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Citigroup wanted workers to share client orders, ex-trader says

Tuesday, January 26, 2016 - 22:00
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Citigroup Inc executives encouraged foreign-exchange traders to use electronic chat rooms to share client orders with employees of rival banks, a practice that forced finance companies to pay US$10 billion in regulatory fines, according to evidence presented to a London employment tribunal.

[LONDON] Citigroup Inc executives encouraged foreign-exchange traders to use electronic chat rooms to share client orders with employees of rival banks, a practice that forced finance companies to pay US$10 billion in regulatory fines, according to evidence presented to a London employment tribunal.

Carly McWilliams, a London-based trader fired during a probe into the currency-rigging scandal, said executives were aware of how the foreign-exchange desk operated long before the scandal attracted the attention of regulators, according to evidence read in court on the first day of her employment suit. Jerome Kemp, the Citigroup executive who fired McWilliams, denied the claim in court Tuesday.

"The bank has encouraged precisely what it now complains of," McWilliams said in an e-mail to the bank's HR department before her disciplinary hearing on May 7, 2014.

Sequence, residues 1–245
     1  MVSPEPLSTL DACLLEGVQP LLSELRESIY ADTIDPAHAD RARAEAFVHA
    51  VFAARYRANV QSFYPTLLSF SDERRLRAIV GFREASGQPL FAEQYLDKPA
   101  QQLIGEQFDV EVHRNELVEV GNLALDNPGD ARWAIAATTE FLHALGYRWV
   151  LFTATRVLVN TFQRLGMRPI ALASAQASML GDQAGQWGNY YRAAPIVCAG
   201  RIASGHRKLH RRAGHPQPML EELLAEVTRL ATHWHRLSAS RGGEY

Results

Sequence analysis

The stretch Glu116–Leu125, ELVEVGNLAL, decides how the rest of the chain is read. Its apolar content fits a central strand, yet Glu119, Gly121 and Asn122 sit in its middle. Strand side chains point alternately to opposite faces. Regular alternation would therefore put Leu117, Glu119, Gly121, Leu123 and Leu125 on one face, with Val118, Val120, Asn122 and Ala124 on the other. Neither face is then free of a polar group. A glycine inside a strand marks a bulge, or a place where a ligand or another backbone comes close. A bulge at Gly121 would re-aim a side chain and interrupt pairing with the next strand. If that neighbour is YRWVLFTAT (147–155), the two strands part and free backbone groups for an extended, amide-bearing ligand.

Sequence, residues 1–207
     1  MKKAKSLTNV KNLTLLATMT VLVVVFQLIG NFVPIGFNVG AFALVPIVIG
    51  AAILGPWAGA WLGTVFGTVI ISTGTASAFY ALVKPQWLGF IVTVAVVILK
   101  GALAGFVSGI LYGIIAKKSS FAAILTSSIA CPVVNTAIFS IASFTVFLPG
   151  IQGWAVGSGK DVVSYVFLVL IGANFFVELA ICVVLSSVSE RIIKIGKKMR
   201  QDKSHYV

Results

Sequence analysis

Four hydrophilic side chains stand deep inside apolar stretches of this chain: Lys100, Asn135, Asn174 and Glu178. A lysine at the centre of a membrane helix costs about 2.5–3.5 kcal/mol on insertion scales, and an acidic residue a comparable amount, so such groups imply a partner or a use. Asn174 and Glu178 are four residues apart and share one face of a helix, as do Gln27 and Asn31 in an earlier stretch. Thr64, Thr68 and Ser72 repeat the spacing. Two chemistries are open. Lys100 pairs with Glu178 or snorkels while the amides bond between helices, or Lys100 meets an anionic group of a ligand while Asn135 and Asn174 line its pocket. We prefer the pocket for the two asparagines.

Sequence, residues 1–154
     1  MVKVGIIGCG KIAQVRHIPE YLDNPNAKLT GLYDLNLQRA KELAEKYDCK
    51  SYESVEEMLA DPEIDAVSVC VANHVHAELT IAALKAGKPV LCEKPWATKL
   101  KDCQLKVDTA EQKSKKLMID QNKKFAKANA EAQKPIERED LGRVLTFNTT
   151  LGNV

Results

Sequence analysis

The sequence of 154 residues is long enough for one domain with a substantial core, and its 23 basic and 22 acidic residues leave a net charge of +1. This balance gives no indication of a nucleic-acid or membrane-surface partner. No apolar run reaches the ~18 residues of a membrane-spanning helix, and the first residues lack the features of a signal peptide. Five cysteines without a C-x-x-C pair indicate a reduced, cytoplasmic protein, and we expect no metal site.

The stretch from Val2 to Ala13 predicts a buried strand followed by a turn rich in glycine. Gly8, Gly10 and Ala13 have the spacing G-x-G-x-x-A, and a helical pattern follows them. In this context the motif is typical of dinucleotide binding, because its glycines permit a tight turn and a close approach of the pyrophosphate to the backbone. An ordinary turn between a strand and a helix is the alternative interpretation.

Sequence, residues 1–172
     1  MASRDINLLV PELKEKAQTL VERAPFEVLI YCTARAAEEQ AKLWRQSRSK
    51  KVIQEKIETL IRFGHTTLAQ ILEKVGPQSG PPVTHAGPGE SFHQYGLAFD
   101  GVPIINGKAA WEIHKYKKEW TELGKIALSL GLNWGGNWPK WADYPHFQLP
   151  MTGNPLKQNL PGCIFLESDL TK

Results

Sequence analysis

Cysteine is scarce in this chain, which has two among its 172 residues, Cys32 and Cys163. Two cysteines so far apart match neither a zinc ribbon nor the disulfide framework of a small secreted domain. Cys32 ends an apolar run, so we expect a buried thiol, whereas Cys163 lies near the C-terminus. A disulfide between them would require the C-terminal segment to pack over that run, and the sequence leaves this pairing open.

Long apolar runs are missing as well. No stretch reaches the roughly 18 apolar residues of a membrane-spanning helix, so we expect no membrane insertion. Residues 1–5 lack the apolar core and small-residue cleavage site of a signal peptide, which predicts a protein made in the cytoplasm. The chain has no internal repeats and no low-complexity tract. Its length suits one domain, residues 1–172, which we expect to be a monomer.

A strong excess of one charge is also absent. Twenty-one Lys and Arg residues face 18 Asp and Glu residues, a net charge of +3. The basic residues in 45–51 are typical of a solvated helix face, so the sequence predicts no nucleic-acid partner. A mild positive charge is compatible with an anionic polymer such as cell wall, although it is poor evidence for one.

McWilliams is one of several traders to sue their former employers in London's employment tribunals in recent months, after banks suspended dozens of people who were subject to regulatory probes. Last week Shivani Mathur, implicated in the Libor scandal, began her case against Deutsche Bank AG. Ian Drysdale, a former Royal Bank of Scotland Group Plc trader fired for colluding with members of a chat group nicknamed the 'Cartel,' won his case, although the judge did not award him damages.

McWilliams is the second former Citi trader to sue the bank over unfair dismissal, with Perry Stimpson winning his case in November. The bank is taking no chances this time, sending 10 lawyers to a preliminary hearing on Monday, a move that "must be a record," judge Alison Russell said.

Citigroup said McWilliams was fired after its own investigation found she had "engaged in misconduct." "Individual accountability continues to be important to Citi and for that reason we are defending Ms. McWilliams case in the tribunal," the bank said in a statement. "We expect our employees to adhere to the highest ethical standards."

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